If you hit their risk limit they would just start closing stuff in alphabetical order without any prior warning, You can check where your risk limits are but you have to manage them or they will and the latter will not be pretty.
Now good point with 6/1 is that you can do a lot of defined risk stuff like married PUT with dividend stock and make a very decent return on defined risk with high leverage.
I have found it pretty easy to manage leveraged risk. Most I think use it to take on bigger positions. I generally use it to go wkde with multiple positions.
I’m a seller as well but not as experienced as you. Let me ask you this, when you’re selling premium and your positions get tested, can you just roll forever? If so, (and time and opportunity cost aside) isn’t this a bullet proof strategy? Just simply roll out another month until the position expires worthless?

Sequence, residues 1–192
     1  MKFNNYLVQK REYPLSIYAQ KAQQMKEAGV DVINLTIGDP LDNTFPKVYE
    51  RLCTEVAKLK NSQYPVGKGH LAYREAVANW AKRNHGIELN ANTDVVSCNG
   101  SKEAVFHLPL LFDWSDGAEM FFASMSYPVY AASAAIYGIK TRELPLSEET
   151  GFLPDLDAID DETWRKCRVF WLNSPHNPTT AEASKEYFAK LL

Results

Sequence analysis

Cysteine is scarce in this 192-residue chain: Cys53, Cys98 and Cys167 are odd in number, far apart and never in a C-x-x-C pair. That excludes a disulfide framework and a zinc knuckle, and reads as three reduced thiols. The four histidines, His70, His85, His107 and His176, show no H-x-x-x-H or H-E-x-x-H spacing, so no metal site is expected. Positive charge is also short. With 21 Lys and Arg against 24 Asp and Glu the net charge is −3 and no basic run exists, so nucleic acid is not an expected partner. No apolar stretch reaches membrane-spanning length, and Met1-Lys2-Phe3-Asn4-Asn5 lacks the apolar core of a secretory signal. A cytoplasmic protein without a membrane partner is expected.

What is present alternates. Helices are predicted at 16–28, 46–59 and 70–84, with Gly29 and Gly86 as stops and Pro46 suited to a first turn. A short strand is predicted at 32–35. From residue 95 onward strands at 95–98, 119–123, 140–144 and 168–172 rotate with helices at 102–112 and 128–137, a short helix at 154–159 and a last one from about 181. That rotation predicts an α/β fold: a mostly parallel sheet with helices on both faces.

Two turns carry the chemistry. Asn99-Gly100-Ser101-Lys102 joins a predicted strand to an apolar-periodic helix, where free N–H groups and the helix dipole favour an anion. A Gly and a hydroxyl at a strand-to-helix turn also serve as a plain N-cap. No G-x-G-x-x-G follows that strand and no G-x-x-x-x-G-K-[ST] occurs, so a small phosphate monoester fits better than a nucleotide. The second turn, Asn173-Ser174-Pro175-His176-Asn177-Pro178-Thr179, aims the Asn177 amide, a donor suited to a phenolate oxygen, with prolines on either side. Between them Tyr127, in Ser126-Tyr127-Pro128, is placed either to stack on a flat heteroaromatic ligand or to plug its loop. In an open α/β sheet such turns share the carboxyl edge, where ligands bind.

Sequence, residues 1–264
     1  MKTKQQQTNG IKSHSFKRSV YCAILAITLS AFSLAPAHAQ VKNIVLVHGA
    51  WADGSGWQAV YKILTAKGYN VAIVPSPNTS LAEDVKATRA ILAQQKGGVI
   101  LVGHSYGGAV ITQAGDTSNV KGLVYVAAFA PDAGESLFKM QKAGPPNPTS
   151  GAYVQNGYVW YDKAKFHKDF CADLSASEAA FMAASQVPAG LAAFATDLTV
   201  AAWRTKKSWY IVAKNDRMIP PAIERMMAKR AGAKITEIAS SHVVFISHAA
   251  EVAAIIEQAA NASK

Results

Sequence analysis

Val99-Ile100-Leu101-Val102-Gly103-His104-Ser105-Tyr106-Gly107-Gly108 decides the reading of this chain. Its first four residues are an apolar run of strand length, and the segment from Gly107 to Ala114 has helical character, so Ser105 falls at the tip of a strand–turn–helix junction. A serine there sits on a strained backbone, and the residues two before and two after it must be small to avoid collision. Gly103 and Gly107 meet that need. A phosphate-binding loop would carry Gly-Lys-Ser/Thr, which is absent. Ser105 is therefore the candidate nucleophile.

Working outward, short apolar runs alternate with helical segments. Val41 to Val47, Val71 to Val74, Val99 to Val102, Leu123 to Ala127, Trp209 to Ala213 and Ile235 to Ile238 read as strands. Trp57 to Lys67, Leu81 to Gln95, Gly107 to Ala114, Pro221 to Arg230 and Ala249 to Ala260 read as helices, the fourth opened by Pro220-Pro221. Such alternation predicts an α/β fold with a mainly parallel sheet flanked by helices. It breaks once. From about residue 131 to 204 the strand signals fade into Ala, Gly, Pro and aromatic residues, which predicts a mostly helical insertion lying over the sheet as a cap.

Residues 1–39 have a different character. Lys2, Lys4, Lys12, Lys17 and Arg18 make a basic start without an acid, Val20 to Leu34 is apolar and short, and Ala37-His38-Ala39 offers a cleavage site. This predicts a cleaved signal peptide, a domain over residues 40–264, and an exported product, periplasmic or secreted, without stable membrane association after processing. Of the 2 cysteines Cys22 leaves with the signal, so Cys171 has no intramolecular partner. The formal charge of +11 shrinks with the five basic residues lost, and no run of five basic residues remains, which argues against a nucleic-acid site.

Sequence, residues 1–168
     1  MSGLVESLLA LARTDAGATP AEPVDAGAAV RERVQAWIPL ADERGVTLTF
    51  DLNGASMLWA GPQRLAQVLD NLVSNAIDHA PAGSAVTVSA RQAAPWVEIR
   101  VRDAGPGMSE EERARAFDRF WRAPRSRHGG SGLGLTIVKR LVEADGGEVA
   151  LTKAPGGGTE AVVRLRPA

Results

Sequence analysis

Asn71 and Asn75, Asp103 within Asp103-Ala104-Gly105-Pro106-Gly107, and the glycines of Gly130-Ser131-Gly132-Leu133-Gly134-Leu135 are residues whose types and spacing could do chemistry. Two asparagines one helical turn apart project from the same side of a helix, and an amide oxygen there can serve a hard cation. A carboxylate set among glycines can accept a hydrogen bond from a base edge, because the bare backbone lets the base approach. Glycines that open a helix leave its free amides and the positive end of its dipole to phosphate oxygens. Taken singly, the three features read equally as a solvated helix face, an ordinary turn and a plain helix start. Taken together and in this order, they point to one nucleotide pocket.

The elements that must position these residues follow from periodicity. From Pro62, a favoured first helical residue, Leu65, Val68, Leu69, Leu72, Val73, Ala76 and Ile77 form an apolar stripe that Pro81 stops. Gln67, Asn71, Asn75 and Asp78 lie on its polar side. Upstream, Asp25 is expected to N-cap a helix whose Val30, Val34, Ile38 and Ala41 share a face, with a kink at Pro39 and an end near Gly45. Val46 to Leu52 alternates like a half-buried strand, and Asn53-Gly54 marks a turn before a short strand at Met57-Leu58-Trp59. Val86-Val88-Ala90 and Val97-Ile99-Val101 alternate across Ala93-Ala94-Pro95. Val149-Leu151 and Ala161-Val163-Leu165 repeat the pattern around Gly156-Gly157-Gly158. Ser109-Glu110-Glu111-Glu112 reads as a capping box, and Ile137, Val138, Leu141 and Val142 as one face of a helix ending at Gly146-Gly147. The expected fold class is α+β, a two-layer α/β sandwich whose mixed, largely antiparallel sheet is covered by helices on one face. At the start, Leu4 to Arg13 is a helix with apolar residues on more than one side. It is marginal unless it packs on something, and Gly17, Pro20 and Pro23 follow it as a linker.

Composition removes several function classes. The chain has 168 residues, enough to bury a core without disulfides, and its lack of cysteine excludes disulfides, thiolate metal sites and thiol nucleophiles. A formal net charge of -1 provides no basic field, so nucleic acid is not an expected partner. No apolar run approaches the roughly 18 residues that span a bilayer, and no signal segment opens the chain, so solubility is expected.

Sure in theory, you could roll forever and let theta decay do it's thing.
The reality is different. Price might be dropping faster then you can roll out making the risk of assignment even greater. You're holding up cash collateral effectively lowering your overall ROI.
I commonly roll options. Anytime I do though, I'm no longer looking to profit, and only looking for an opportunity to get out at breakeven.
So If you sell a put for $5, and 2 weeks later it’s worth $7, you will look to just get your money back by selling the closest exp possible that will give you back what you lost? Instead of rolling out 2 months later for another credit?
I would have to see why it's $7 first.
Right now I lot of the put legs on my strangles look underwater, price isn't near them. The cost of the puts had gone up.
However, theta decay will chew through the the next couple of weeks. Half my portfolio is expiring on the 17th.
If price is breaching, then I'll hedge it by shorting the stock.
If it's moved to far along like a huge dip or something, I would likely roll it out and down to where I don't lose any money on the roll.
But if it's not too far out, I might take assignment and repair the damage from there.
It all depends on what's happening to price at the time. I pay more attention to the charts than I do the options chain.
Great info. So you don’t sell puts because you WANT to be assigned per se, it’s simply a high probability, cash-generating strategy…
Your numbers are dubious.